Faith, devotion, and when it all goes away
By Jacey Gibb, Opinions Editor
Say what you will about the sweet miracle of unquestioning faith, I consider a capacity for it terrifying and absolutely vile. — Kurt Vonnegut
Religion and I have never gotten along. Sure, we run into each other every now and then on the street and it comes up in conversation sometimes, but we’re not exactly pen pals. At one point in high school, I decided that I wanted to give spirituality a shot and I became a Buddhist for about a week—by which I mean I changed my Facebook religious views and proceeded to tell people that it was a part of my life now. Since that identity crisis, I’ve made an effort to avoid diving into the religion pool, but have maintained a curiosity towards it, making sure to mildly interrogate new friends of mine whenever I discover they had religious upbringings. A more recent acquaintance to come into my life, Brody Steves, had a particularly interesting background: he had been placed in an intense Catholic school for grades four through to graduation—despite not being Catholic himself when he started.
“My parents sent me to a Catholic school not to be Catholic, but so I could go to a good school. They didn’t care if I came out Catholic or not.” Over a mess of $2.99 Bon’s breakfasts and complimenting dollar coffees, we met to discuss his roots in religion, the eight years that they occupied, and the eventual falling out.
“I kind of just fell into it. I got to the school in grade four and I hadn’t really given a thought to religion before then.” At the school, Catholicism was deeply entrenched within the system, including prayers at the beginning and end of every class, as well as blocks of time specifically allotted for learning about the bible and all the extra fixings. “I don’t want to say I was brainwashed, but after years of it, I just started to think more and more and, up until my grade eleven year at least, I was convinced that I was going to be a Catholic.”
[quote style=”boxed”]It’s reported that about a third of people lose their faith after encountering a near-death experience or after they’ve endured some form of long-term trauma. There’s a sense of betrayal afterwards, as individuals feel that their safety and protection that their religion had previously offered them failed under the circumstances.[/quote]
It seems the majority of people who consider themselves religious have for their whole lives, which I’m not sure I can agree with. When you’re growing up, your parents become sculptors, chiselling your beliefs and values typically into something reflective of their own. It makes sense, seeing as how you’re their responsibility until you reach the liberating age of 18. During my pre-beardedness period known as childhood, my parents would occasionally drop my brothers and I off at my grandparents’ house for the weekend. These visits were typically made up of fresh air on the farm, home-cooked meals that I was too young to appreciate, and spending our Sunday morning stuck in church. When you’re an eager kid, donning itchy dress clothes and spending hours listening to a man with the charisma of a paper cut preach about things you’ve not even developed enough to understand can be a bit tedious. But for some, that’s when religion becomes a part of their lives and a part of their identity. “That’s how you get cultural Catholics. People are born into religion and they’re brought up with it from a young age. A bunch of them later find out it’s not for them but until then, they don’t know anything else.”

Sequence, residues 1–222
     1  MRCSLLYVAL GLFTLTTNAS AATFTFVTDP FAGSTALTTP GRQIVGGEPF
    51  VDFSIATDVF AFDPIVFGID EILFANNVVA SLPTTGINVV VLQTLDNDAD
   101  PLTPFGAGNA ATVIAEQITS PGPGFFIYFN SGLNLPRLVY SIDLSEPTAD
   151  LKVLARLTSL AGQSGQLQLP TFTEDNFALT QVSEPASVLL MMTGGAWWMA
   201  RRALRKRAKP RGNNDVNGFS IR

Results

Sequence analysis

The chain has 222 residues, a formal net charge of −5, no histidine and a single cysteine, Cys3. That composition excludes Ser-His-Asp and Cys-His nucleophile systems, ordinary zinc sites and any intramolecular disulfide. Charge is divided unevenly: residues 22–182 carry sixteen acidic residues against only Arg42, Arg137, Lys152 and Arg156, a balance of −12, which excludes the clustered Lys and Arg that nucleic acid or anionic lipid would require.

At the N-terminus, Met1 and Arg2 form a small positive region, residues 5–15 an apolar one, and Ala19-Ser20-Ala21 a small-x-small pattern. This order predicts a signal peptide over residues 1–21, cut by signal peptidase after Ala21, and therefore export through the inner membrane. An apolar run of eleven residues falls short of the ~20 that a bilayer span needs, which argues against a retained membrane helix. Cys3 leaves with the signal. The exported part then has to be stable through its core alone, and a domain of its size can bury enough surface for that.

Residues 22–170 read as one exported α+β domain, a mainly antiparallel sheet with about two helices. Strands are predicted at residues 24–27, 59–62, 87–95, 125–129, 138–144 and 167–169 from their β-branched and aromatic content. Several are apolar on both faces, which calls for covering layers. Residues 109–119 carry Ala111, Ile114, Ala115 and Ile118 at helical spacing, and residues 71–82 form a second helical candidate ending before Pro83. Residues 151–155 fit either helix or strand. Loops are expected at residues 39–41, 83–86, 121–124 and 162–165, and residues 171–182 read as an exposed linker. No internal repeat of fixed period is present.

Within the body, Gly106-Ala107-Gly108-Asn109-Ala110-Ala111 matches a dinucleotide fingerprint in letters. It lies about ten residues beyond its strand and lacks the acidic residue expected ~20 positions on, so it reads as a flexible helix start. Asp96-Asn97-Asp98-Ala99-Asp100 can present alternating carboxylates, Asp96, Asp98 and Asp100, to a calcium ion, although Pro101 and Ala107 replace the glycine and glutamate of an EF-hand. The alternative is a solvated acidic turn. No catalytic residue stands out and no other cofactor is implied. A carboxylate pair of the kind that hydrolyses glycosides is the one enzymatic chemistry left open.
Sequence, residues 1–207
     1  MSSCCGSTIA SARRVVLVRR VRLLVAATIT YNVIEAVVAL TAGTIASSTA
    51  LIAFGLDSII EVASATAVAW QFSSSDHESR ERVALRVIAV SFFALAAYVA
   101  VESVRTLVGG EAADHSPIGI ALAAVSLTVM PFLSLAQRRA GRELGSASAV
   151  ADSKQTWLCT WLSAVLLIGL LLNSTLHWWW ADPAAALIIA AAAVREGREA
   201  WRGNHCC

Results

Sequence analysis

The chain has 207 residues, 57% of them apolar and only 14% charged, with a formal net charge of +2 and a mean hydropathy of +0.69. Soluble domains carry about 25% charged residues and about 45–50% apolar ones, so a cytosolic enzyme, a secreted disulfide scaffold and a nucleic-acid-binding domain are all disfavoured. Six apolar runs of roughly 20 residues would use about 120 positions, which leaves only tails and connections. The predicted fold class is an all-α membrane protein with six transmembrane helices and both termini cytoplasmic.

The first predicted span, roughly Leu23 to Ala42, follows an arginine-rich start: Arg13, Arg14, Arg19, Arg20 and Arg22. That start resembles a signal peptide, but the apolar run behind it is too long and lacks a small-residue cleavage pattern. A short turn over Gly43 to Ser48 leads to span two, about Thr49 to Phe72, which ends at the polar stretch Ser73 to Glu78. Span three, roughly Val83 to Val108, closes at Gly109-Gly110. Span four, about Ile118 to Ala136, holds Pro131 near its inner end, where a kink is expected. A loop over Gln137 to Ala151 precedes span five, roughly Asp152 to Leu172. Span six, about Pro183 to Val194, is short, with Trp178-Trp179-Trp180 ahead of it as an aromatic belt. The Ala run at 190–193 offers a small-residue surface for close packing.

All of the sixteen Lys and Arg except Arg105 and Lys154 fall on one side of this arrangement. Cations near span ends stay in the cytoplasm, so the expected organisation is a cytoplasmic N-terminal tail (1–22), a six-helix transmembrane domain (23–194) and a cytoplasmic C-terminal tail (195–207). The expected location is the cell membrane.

What struck me as odd about Brody’s upbringing was that his parents never encouraged his newly adopted beliefs, but almost attempted to defer him from them. “They were always encouraging me to think for myself, but when I was really into it, I found it insulting. At first I thought they were trying to push me away from God.” It wasn’t until a classmate started to openly question his faith that Brody reconsider his own.
But the transition away from religion isn’t always as gradual as his was, nor as graceful. It’s reported that about a third of people lose their faith after encountering a near-death experience or after they’ve endured some form of long-term trauma. There’s a sense of betrayal afterwards, as individuals feel that their safety and protection that their religion had previously offered them failed under the circumstances.
When I asked if the fear of going to hell was something Brody was still concerned about, and if he thought that was something that played a major part in a person’s faith, he was adamant that it was. “Why do you think they paint such graphic pictures of hell? They’re trying to scare the crap out of you. If you believe it, that’s great. Even if you don’t, then it still kind of scares you.” As pessimistic as it sounds, I think this is also one of the main reasons why some people only discover God later on in life, when a person’s mortality is creeping up on them.
As the coffee cups ran dry and restaurant livened up to a noise level combative with my iPhone recorder, I asked Brody if he had anything final to say about his experiences with Catholicism or just in general. ”Religion’s not a bad thing, and I’m not trying to bash it here, but just from my own experience, near the end of it I was so cynical of everything. I’m glad I went to Catholic school because I think everyone should see religion up close at least once in their lives, but I just know now that it’s not for me.”